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Turkish jets target Kurdish positions in Iraq, Syria; four die

Published: Updated:

Turkish warplanes struck suspected Kurdish insurgent positions in Iraq and Syria early on Wednesday in a new aerial offensive that Ankara said aimed to protect Turkey’s borders from “terrorist threats.”

The airstrikes killed at least four people, a Britain-based war monitoring group reported, and drew condemnation from US-backed Syrian Kurdish fighters who said the attack came days after the Kurdish-led forces in Syria battled ISIS group militants.

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A Turkish defense ministry statement said the strikes hit targets, including shelters, caves, ammunition depots and training camps, on Sinjar Mountain and in the Karacak region in northern Iraq, and the Derik region in northern Syria.

The operations dubbed “Winter Eagle” were aimed against Turkey’s insurgent Kurdistan Workers’ Party, or PKK, in northern Iraq, which Ankara says has hideouts there, and the US-backed Syrian Kurdish forces known as People’s Protection Units, or YPG in Syria.

The YPG is a close US ally against the ISIS group but is labeled a terrorist group by Ankara because of its ties to the PKK.

The strikes aimed to “eliminate terrorist threats against our people and security forces from the north of Iraq and Syria and to ensure our border security,” the ministry statement read.

“Last night, we bombed targets in three different locations and they could not even find a hole to escape to,” said Turkish President Recep Tayyip Erdogan.

Defense Minister Hulusi Akar claimed that several insurgents were “neutralized” in the operation, including a number of PKK names wanted by Turkey. Around 60 aircraft were involved in the offensive, including warplanes and armed and unarmed drones, the state-run Anadolu Agency reported. Close to 80 targets were struck, it said.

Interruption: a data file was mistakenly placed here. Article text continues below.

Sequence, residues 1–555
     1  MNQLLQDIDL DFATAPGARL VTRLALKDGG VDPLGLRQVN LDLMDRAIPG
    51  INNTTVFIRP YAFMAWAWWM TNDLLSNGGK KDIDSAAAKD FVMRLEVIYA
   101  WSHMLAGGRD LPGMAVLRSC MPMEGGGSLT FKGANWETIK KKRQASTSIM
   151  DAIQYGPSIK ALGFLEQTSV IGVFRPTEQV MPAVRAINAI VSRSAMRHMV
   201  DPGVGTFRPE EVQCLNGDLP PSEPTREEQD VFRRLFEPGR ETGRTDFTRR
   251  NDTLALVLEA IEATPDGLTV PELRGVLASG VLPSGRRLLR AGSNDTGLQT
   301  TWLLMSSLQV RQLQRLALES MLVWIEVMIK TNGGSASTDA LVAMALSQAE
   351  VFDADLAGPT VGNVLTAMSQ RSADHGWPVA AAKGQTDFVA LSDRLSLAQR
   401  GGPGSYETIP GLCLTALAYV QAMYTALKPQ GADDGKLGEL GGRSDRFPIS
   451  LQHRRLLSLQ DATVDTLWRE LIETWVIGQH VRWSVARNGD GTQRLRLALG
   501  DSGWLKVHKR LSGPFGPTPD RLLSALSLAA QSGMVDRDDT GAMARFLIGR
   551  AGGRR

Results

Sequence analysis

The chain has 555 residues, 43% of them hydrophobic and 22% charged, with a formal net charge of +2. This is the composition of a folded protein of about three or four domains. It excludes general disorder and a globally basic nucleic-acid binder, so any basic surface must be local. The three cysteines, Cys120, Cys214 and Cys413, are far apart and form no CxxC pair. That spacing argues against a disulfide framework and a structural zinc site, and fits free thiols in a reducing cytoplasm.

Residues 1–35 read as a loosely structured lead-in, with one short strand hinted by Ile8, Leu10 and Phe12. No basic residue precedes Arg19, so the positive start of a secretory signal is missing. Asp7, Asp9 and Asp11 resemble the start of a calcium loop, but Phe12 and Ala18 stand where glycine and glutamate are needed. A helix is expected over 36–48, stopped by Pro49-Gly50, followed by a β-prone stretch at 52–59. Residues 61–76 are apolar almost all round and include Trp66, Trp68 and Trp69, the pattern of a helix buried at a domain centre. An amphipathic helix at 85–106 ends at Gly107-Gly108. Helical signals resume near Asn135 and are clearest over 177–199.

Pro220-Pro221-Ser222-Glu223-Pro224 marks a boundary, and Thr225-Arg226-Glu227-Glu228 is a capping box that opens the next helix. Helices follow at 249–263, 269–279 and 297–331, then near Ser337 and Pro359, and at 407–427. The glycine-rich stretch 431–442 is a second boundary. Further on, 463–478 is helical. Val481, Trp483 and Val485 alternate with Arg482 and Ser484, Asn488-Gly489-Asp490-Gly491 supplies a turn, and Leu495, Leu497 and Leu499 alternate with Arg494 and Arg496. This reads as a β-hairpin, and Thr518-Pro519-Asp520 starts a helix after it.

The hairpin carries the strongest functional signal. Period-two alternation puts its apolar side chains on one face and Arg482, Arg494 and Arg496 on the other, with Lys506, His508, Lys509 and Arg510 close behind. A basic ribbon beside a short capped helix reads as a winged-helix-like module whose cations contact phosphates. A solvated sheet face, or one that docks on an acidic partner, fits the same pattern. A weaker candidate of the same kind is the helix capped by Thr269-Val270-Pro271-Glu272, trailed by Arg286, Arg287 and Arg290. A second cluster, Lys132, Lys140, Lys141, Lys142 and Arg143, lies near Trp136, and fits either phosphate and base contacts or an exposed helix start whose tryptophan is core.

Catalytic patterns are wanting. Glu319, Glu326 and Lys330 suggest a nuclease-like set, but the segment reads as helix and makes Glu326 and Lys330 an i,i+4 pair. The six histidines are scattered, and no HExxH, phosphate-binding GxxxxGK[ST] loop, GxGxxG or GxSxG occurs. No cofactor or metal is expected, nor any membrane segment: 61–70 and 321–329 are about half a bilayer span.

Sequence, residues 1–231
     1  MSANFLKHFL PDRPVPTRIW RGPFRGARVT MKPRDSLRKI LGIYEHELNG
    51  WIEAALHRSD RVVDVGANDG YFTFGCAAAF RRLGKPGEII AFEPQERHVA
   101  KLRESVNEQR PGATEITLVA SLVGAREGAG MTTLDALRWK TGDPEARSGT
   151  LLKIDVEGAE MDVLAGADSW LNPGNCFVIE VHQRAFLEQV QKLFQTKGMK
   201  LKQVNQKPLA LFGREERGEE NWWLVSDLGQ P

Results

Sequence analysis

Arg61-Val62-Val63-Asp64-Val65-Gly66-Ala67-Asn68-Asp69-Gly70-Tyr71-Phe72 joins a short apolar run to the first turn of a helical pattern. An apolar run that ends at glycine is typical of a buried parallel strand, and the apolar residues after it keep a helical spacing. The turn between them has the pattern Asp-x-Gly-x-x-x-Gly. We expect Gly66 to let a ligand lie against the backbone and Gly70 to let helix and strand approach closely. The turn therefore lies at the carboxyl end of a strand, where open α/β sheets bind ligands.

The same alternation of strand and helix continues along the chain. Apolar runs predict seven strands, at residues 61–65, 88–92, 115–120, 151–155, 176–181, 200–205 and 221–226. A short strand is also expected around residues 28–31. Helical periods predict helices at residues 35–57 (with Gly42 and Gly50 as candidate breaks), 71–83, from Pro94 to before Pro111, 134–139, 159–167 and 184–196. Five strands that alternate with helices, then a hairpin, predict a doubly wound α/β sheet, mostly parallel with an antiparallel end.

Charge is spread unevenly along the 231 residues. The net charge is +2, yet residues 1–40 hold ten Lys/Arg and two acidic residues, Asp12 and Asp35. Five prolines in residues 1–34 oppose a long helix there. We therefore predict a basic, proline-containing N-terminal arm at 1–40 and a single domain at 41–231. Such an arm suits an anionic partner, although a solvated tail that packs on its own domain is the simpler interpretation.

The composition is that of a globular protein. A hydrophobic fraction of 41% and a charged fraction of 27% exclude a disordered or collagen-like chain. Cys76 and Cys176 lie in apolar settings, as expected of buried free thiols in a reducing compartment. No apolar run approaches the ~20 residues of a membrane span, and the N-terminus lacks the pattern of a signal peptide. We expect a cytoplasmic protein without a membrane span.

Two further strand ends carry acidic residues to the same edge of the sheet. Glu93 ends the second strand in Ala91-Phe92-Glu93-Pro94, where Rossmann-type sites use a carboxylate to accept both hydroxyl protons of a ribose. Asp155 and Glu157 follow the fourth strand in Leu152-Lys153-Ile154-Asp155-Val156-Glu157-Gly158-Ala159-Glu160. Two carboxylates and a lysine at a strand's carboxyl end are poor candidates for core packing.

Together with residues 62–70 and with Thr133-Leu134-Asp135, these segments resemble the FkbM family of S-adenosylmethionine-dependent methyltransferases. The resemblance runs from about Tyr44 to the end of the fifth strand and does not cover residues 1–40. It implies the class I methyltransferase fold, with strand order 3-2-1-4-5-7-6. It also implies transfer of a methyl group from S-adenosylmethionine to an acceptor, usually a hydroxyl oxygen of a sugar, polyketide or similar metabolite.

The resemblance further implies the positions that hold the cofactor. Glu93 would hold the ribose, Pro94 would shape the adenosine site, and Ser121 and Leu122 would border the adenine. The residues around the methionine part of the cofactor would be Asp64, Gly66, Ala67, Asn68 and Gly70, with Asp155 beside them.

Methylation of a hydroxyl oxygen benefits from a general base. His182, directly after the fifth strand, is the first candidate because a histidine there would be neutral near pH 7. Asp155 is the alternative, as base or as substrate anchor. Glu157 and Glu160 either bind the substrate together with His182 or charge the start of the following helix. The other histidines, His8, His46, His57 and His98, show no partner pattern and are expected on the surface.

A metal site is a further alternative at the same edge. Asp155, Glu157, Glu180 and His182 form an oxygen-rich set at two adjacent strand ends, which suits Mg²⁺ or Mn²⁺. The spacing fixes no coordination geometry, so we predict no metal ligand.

The war monitor in Syria — the Britain-based Syrian Observatory for Human Rights — said Turkish drones fired two missiles at a power station near Syria’s northeastern village of Malikiyah close to the Iraqi border, killing at least four people. It added that several people were wounded and electricity was cut in a number of nearby villages.

It said the strike hit the building where the guards stay, adding that the dead were both guards and civilians. The Observatory reported another Turkish drone strike at a power station a day earlier near the Semalka border crossing between Syria and Iraq’s Kurdish region. It said one Kurdish fighter was wounded.

A Kurdish-led administration in northeast Syria condemned the Turkish airstrikes and urged the international community to intervene to stop what it called “the terrorist Turkish aggression.”

It said the Turkish strikes came days after the Kurdish-led and US-backed Syrian Democratic Forces defeated scores of ISIS militants who broke into a prison where some 3,000 extremists are held in the northeastern city of Hasakeh. The weeklong battle left dozens of people dead, including many ISIS fighters.

“This escalation and aggression is a clear indication that Turkey is not happy with [ISIS] failure,” the authority said in a statement.

Turkey’s defense ministry said “utmost sensitivity was shown” regarding the security of the civilians during the operations. It said Turkey would “continue the fight against terrorism for the security of our country and our nation with determination until the last terrorist is neutralized.”

Turkey has carried out similar cross-border airstrikes in the past.

The PKK has led an insurgency in southeast Turkey since 1984 which has killed tens of thousands of people. The group is considered a terror organization by Turkey and its allies, including the US and the European Union.

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